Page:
Rehabilitation plays a critical role in stroke recovery. In fact, problems associated with stroke generally respond very well to rehabilitation.
According to studies by the National Rehabilitation Caucus, 60 percent of stroke survivors can benefit from aggressive rehabilitation, with 80 percent of those treated through rehabilitation services returning to home, work, school or active retirement.
HealthSouth Rehabilitation Hospital The Woodlands has earned certification for Disease-Specific Care in stroke rehabilitation becoming the first and only rehabilitation hospital in Montgomery County to achieve this prestigious certification. The Joint Commission’s Gold Seal of Approval™ was awarded to the hospital for its compliance with the organization’s national standards for healthcare quality and safety for stroke rehabilitation.
“We voluntarily pursued The Joint Commission to evaluate our stroke program because we wanted to ensure our quality of care,” said Benjamin Agana, M.D., medical director at HealthSouth Rehabilitation Hospital The Woodlands. “To receive this certification, our hospital has demonstrated compliance with national standards and an effective use of evidence-based clinical practice guidelines to manage and optimize care for our patients.”
To earn the certification, HealthSouth Rehabilitation Hospital The Woodlands underwent a rigorous on-site survey on July 25th, 2012. A surveyor with expertise in the care of patients with neurological issues from the Joint Commission evaluated the hospital’s stroke rehabilitation program for compliance with standards of care specific to the needs of patients and families, including the provision and quality of care, medical staff, leadership and medication management.
"In achieving Joint Commission certification for Disease-Specific Care in stroke rehabilitation, HealthSouth Rehabilitation Hospital The Woodlands has demonstrated its commitment to the highest level of care for its patients that suffered from a stroke," says Jean Range, M.S., R.N., C.P.H.Q. executive director, Disease-Specific Care Certification, The Joint Commission. “Certification is a voluntary process and I commend them for successfully undertaking this challenge to elevate its standard of care and instill confidence in the community it serves.”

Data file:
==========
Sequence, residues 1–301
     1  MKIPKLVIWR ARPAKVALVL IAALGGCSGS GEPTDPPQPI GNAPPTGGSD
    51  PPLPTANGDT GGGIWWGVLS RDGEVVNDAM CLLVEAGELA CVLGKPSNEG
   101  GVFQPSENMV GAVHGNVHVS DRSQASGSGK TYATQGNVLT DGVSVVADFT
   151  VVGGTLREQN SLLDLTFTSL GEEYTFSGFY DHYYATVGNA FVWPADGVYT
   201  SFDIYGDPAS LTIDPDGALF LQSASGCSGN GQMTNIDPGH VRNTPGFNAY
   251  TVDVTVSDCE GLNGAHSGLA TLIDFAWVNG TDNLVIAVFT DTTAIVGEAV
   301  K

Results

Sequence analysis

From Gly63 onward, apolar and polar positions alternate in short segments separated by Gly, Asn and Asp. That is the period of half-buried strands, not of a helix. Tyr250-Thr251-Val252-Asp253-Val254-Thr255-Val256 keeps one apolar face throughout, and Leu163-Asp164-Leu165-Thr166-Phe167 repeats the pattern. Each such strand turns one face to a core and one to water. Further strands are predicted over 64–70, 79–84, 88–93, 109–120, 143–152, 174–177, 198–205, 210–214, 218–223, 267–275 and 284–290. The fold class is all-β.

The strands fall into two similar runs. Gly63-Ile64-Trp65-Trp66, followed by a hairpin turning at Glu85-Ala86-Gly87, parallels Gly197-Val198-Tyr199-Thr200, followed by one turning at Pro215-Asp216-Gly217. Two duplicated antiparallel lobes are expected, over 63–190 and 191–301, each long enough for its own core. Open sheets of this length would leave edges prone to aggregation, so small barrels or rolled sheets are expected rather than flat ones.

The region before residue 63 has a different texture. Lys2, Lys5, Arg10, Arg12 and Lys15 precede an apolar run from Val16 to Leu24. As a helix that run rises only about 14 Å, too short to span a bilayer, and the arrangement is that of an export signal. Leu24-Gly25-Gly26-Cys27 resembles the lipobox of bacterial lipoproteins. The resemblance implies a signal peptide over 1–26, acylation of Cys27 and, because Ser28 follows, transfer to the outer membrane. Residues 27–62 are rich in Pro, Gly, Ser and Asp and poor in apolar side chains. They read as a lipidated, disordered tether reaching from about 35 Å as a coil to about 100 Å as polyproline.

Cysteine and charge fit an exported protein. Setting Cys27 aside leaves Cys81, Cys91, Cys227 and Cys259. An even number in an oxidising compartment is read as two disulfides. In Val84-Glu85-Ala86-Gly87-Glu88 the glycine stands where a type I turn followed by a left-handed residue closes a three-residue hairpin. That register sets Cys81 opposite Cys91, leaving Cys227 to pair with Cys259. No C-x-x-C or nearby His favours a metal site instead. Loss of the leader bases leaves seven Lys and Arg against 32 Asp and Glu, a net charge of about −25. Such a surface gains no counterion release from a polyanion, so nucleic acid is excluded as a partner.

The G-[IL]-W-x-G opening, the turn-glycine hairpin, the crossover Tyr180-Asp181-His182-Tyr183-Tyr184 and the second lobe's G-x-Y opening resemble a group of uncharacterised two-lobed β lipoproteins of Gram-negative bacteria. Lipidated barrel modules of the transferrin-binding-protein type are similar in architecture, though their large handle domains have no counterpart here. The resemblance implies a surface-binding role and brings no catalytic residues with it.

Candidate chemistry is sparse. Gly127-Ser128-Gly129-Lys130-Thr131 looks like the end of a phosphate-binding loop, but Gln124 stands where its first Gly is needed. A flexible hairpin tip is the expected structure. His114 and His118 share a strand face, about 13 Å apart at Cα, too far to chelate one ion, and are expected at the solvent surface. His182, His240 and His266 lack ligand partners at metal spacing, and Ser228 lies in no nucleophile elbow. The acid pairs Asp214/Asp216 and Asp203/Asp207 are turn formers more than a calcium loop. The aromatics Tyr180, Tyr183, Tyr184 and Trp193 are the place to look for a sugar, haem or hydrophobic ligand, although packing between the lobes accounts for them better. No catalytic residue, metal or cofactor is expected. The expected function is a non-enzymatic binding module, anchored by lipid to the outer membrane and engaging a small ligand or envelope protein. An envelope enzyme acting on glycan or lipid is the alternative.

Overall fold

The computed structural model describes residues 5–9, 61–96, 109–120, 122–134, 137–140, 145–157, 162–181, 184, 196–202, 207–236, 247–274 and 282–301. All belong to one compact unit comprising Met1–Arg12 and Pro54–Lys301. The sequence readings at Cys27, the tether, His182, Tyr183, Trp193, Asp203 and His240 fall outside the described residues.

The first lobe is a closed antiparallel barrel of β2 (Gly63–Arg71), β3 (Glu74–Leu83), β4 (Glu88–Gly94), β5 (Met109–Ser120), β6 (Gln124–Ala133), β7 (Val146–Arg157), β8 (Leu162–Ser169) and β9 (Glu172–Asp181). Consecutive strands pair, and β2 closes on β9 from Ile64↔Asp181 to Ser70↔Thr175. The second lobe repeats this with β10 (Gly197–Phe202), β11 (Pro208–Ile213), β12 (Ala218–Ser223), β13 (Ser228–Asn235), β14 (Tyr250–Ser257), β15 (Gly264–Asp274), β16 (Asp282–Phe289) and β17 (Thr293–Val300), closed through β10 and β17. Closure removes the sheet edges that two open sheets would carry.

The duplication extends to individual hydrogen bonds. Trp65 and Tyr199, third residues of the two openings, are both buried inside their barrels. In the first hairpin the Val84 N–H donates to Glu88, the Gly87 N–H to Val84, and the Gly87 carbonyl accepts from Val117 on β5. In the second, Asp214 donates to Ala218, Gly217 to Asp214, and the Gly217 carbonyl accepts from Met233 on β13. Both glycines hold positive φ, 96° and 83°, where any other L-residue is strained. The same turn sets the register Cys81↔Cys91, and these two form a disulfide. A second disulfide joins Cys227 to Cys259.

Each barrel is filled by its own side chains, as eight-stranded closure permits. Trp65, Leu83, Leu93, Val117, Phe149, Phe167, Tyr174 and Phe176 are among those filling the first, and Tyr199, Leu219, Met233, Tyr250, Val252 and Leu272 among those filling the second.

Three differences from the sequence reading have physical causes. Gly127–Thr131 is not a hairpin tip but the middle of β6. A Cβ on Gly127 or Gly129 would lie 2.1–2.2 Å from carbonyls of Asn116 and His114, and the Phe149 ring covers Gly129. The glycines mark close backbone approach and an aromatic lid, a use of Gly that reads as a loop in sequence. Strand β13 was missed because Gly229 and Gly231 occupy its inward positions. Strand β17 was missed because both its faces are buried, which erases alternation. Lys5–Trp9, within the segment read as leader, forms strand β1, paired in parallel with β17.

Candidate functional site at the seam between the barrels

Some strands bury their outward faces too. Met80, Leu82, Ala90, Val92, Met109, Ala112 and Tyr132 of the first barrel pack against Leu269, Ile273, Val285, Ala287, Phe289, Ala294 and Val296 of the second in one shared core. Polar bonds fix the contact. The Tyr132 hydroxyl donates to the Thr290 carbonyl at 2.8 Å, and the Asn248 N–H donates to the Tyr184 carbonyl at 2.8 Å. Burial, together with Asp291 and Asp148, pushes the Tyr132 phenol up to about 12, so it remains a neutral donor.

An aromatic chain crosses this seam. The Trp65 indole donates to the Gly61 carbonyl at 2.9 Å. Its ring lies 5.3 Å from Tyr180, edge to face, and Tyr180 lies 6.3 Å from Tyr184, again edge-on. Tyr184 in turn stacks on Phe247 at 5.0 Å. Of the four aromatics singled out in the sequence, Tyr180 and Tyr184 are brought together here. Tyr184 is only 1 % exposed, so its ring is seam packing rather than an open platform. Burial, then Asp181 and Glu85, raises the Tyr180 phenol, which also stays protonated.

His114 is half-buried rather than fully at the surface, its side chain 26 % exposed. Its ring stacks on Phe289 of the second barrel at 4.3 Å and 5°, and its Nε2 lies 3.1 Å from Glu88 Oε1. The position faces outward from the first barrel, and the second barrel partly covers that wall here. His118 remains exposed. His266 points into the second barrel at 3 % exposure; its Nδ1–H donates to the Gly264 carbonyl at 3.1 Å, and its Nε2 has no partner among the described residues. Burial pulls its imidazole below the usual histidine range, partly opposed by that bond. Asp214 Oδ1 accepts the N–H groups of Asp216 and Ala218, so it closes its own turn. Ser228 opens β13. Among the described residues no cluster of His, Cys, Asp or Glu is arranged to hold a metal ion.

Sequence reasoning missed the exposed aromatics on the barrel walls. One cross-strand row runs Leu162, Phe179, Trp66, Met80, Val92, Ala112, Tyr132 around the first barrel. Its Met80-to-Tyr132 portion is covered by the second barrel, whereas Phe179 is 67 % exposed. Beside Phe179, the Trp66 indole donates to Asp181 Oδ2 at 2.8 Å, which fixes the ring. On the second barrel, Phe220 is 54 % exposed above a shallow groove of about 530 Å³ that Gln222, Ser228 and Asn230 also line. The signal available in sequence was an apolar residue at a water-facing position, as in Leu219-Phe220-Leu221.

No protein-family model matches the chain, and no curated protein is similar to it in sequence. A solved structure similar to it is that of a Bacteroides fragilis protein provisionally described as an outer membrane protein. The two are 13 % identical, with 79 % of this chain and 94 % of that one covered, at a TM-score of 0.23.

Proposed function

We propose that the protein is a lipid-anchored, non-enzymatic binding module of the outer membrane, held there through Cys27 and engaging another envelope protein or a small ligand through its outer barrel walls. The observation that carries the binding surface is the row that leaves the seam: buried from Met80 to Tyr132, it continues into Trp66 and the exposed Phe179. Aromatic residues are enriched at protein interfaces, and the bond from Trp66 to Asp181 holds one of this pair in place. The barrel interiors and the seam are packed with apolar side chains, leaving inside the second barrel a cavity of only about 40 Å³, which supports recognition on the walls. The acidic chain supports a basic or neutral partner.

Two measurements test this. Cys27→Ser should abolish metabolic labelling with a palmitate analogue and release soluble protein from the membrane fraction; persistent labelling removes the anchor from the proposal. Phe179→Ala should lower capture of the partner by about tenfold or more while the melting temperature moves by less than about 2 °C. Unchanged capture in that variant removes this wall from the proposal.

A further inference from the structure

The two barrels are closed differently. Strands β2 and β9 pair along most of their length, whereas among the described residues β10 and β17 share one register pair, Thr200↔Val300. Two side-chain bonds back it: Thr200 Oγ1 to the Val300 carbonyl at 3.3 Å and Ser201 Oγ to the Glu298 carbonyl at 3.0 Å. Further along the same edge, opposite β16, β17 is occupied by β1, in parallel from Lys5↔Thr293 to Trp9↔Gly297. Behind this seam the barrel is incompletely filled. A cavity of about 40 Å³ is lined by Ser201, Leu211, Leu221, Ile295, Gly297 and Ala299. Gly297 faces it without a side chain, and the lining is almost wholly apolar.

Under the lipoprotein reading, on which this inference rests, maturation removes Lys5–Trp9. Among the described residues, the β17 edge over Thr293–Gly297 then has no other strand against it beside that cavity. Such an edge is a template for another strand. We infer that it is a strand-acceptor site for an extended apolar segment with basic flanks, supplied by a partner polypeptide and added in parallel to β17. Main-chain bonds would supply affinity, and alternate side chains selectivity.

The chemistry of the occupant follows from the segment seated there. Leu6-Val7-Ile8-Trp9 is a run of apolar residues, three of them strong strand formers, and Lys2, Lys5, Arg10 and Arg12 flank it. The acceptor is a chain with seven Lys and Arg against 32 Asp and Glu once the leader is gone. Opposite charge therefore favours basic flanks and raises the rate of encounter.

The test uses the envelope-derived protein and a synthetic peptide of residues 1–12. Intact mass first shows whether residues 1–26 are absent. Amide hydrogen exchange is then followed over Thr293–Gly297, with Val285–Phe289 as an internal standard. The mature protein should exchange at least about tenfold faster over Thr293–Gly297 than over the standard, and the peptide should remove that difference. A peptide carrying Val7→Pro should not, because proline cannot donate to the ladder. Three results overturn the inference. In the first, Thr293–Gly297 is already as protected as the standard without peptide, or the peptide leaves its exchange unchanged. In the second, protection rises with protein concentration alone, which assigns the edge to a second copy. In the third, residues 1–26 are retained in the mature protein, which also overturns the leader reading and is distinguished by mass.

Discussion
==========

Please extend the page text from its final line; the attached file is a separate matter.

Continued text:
Studies indicate that 60 percent of stroke survivors can benefit from comprehensive rehabilitation. Eighty percent of patients receiving this level of therapy return to their homes, work, schools or active retirement, according to the National Rehabilitation Caucus. The Joint Commission’s acknowledgement of HealthSouth Rehabilitation Hospital The Woodlands’ continuum of care for stroke offers patients and families peace of mind in knowing they are getting quality stroke care for maximized results.
About The Joint Commission
The Joint Commission’s Disease-Specific Care Certification Program, launched in 2002, is designed to evaluate clinical programs across the continuum of care. Certification requirements address three core areas: compliance with consensus-based national standards; effective use of evidence-based clinical practice guidelines to manage and optimize care; and an organized approach to performance measurement and improvement activities.
Founded in 1951, The Joint Commission seeks to continuously improve health care for the public, in collaboration with other stakeholders, by evaluating health care organizations and inspiring them to excel in providing safe and effective care of the highest quality and value. The Joint Commission evaluates and accredits more than 18,000 health care organizations and programs in the United States. The Joint Commission also provides certification of more than 1,700 disease-specific care programs, primary stroke centers, and health care staffing services. An independent, not-for-profit organization, The Joint Commission is the nation's oldest and largest standards-setting and accrediting body in health care. Learn more about The Joint Commission at www.jointcommission.org.